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In a recent editorial titled "The septic backslide," The Sun accused Maryland's government of caving to rural interests and putting Chesapeake Bay restoration at risk. The editors' claim is that by amending regulations to allow governments to target advanced septic pollution controls — referred to as BAT — to the areas where they can do the most good, the government is being irresponsible. "Caving" in this case means listening to rural communities when they point out that, for many locations, installing BAT will not create substantial water quality benefits.

Giving local governments greater control over how to meet environmental targets is fiscally responsible because it promotes cost-effective choices that can be used to meet multiple local needs. The investment in BAT, which can easily cost more than $10,000 per system to install and more for ongoing maintenance, is only money well spent when it substantially improves water quality. Even though BAT is highly effective at removing nitrogen, for many locations, the nitrogen removed would never have reached a place where it could do harm. Much of the nitrogen that is released far from major water bodies gets removed by plants and bacteria before reaching the bay. Further, many local water quality problems, particularly the kind that cause swimming bans in lakes, are caused by phosphorus or harmful bacteria, neither of which are addressed by requiring that new systems use BAT.

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The Maryland Department of the Environment (MDE) is not backing away from requiring BAT where it does make a difference. The scientific evidence is strong that septics in the critical area affect estuarine water quality and contribute to poor habitat conditions for fish and waterfowl. The requirement for BAT in the "critical areas" near tidal waters means that spending will be targeting where it generates the most bang for the buck. Further, because maintenance is critical to ongoing nitrogen removal, MDE is proposing requirements for maintenance contracts on these systems in the critical area.

Because BAT performance depends on location, the proposed regulation gives local governments the flexibility to choose sewer hookups or other technologies where they make sense. It also gives them the option to require BAT where it makes sense outside the critical area. Even counties far from the bay will have places where BAT could be an effective tool because water flow paths cause some sites to deliver more nitrogen to the bay than others. With this flexibility, local governments will have the option to spend money in ways that will most meaningfully improve water quality.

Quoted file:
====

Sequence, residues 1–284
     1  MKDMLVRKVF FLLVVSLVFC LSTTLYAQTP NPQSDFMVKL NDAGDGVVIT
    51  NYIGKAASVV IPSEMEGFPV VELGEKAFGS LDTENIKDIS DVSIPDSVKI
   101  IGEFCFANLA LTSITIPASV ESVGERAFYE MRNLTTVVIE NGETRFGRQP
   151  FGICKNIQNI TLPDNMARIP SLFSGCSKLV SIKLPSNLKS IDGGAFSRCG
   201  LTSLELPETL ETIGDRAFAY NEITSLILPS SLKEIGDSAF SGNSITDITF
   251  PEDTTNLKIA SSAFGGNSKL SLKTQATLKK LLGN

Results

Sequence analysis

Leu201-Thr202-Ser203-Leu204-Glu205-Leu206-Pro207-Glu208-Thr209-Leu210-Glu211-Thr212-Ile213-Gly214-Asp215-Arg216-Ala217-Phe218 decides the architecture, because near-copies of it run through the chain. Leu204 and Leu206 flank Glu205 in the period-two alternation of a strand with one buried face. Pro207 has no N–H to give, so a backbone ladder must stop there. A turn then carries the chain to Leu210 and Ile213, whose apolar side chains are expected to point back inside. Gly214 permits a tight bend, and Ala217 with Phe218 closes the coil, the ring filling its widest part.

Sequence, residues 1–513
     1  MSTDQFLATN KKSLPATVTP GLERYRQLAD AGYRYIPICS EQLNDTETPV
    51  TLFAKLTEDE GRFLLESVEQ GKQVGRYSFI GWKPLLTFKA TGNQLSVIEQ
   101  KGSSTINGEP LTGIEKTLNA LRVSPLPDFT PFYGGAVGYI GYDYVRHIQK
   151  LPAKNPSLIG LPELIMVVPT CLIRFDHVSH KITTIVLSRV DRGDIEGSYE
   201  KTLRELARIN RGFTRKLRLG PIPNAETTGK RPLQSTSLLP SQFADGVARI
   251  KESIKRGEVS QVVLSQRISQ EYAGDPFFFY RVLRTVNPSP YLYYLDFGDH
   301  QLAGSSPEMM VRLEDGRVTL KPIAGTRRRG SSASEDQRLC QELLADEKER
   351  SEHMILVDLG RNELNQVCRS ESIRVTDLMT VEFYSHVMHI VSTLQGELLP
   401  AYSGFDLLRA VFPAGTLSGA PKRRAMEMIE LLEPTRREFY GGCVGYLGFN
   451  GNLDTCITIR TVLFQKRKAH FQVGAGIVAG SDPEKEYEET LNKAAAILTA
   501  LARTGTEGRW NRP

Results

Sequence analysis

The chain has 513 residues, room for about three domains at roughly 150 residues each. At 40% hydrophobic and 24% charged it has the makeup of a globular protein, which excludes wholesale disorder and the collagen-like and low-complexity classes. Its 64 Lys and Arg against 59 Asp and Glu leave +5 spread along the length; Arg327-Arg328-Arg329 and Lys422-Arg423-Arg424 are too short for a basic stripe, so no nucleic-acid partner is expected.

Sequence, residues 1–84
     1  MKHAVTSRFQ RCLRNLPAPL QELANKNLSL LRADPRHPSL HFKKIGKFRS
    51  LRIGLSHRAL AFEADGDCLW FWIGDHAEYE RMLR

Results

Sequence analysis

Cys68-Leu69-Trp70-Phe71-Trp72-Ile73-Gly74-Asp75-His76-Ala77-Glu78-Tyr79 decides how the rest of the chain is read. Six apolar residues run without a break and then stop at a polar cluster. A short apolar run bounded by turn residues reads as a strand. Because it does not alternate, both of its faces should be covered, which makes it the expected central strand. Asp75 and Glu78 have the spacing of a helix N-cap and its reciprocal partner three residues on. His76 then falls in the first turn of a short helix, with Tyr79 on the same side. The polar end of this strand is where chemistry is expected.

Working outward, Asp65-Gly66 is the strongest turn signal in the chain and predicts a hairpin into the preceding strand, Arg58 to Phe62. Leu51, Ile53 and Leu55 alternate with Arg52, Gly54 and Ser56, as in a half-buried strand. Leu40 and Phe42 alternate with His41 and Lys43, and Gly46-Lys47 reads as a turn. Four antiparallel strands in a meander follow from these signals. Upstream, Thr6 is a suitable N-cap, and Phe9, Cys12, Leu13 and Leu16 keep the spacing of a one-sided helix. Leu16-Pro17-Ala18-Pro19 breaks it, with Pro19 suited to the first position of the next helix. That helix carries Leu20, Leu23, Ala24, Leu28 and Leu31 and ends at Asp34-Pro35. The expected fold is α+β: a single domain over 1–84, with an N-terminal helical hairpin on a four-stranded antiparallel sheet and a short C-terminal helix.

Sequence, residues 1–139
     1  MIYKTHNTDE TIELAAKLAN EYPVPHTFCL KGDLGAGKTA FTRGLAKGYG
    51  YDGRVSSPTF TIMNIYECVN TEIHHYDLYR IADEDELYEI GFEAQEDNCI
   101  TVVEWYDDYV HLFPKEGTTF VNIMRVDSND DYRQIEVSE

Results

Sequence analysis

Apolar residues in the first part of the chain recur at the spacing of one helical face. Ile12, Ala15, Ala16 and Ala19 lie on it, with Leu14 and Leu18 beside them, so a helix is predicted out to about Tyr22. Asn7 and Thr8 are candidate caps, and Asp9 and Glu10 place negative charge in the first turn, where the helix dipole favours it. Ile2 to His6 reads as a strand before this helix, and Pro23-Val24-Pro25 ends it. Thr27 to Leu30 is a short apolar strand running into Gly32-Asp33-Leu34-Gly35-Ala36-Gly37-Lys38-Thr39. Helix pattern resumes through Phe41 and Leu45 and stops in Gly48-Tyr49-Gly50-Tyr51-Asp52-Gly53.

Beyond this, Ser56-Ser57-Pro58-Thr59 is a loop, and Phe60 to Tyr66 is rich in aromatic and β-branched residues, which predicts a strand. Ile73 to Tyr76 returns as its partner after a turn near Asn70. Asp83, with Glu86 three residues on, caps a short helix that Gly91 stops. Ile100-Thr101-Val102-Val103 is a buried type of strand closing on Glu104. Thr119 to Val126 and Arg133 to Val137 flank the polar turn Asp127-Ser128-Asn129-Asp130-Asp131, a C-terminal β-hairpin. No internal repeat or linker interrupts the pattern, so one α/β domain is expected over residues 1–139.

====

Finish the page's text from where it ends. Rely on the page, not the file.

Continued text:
The editorial board is right to be concerned that too much flexibility can result in inaction. Successful Chesapeake Bay restoration will require enforceable and verifiable caps on nutrients. However, once adequate protections are in place to ensure caps are met, much can be gained from allowing the type of flexibility that promotes innovation and cost-effectiveness. Contrary to the assertion that flexibility is always bad for the environment, flexible environmental policies have paid off in Virginia. That state's wastewater treatment plants were able to meet their designated pollution caps at lower cost than original estimates, in large part due to a flexible "bubble permit." This innovation set a pollution target for a group of plants, which enabled them to conduct plant upgrades in a cost-effective manner. The environmental goal was not compromised as a result of this flexibility, and ratepayers saved money.

Economists and others have long recognized that innovation is supported by telling people what you want them to do, not how to do it. By setting enforceable goals, but not dictating a one-size-fits-all technology, innovators are enabled to find new and effective ways to achieve goals at a minimum cost.

Giving local governments control over how they meet environmental targets is also a way to prevent Chesapeake Bay compassion fatigue. Local governments are not "whining," as suggested by The Sun, when they balk at asking residents to spend money on inappropriate solutions at the expense of other urgent needs. Rather, by making this adjustment to regulations, the government is creating confidence among Maryland residents that they are committed to spending money in appropriate ways to achieve the clean and safe Chesapeake Bay that people want.

Lisa Wainger is a research professor of environmental economics at the University of Maryland Center for Environmental Science and the current chair of the Scientific and Technical Advisory Committee to the US EPA Chesapeake Bay Program. She is writing as an individual and does not speak for either institution. Her email is lisa.wainger@gmail.com.

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